Internet trends: marketing research & predictions

Twitter is a Masculine and Centralized SN: HBS Comparative Study

June 2nd, 2009 by

Following academic research conducted on Twitter users behaviors (see HP’s research on Twitter’s saturation and reciprocation patterns) TrendsSpotting presents more interesting findings derived from a research report published by Harvard Business School. Researchers Bill Heil and Mikolaj Jan Piskorski examined the activity of a random sample of 300,000 Twitter users in May 2009 and compared it to users activity on other social networks and online content distributions.

Out of the HBS study we wish to highlight two main findings concerning  Twitter users’ behavioral patterns:

1.  Twitter yields unique contribution patterns:

  • A typical Twitter user contributes very rarely (the median number of lifetime tweets per user is 1.0).
  • The top 10% of prolific Twitter users accounted for over 90% of tweets. Compare that to a typical online social network, where top 10% of users account for 30% of all production.

2. Men are more popular than women on Twitter:

Men on Twitter have 15% more followers than women and conduct a more reciprocated relationships. While on a typical online social network, most of the activity is focused around women, in Twitter both men and women find the content produced by other men more compelling.

Continue to full research review:

1. Twitter as a social Social Network:

According to the research report – 80% of May twitter users sample are followed by or follow at least one user. By comparison, only 60 to 65% of other online social networks’ members had at least one friend.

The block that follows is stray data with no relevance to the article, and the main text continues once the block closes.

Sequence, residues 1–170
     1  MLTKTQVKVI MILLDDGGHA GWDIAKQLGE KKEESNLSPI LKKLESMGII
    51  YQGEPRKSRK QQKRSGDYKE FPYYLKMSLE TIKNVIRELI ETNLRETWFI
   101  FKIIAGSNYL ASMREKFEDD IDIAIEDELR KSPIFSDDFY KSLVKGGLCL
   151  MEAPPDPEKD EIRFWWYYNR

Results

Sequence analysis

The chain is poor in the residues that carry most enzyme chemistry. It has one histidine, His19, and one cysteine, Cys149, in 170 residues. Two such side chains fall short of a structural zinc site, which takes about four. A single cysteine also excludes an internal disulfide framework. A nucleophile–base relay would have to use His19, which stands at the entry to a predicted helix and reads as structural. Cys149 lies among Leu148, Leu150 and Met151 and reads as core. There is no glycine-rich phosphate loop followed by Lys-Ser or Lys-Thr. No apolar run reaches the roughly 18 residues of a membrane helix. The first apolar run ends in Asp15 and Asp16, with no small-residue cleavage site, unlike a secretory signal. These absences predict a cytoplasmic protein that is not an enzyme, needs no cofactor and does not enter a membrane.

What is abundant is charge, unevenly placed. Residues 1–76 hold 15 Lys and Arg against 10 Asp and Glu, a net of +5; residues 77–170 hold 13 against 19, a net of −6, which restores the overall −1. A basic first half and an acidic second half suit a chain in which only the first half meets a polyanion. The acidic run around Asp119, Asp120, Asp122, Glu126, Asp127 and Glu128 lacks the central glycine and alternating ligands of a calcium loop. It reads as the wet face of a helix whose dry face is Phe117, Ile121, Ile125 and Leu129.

2. Men are more popular than women on Twitter:

Significant gender differences can be outlined:

  • Although men and women follow a similar number of Twitter users, men have 15% more followers than women.
  • Men also have more reciprocated relationships, in which two users follow each other.

The researchers explain this “follower split”: “women are driven less by followers than men, or have more stringent thresholds for reciprocating relationships. This is intriguing, especially given that females hold a slight majority on Twitter: men comprise 45% of Twitter users, while women represent 55%”.

  • An average man is almost twice more likely to follow another man than a woman. Similarly, an average woman is 25% more likely to follow a man than a woman. Finally, an average man is 40% more likely to be followed by another man than by a woman. These results cannot be explained by different tweeting activity – both men and women tweet at the same rate.

twitter research 3.jpg

The researchers compared the results to previous research on online social networks: “On a typical online social network, most of the activity is focused around women – men follow content produced by women they do and do not know, and women follow content produced by women they know. Generally, men receive comparatively little attention from other men or from women”.